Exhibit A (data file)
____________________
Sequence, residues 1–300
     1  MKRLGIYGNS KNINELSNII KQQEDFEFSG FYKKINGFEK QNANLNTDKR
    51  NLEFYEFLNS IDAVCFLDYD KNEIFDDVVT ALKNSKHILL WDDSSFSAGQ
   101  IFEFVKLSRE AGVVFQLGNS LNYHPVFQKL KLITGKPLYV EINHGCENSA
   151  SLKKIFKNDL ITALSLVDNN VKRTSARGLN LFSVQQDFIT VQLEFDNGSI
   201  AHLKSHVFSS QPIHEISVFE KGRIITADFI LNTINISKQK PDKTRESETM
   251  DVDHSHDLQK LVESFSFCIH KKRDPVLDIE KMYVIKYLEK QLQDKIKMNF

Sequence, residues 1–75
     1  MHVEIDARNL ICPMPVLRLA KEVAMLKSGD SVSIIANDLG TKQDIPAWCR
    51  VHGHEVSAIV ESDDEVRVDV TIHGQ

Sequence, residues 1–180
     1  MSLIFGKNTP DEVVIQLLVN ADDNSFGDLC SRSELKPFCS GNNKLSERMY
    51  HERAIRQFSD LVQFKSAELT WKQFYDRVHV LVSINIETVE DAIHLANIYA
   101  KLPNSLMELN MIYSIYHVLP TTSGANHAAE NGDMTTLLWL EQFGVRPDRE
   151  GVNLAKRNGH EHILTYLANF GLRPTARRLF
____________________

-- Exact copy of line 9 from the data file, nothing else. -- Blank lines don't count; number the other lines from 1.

     1  MHVEIDARNL ICPMPVLRLA KEVAMLKSGD SVSIIANDLG TKQDIPAWCR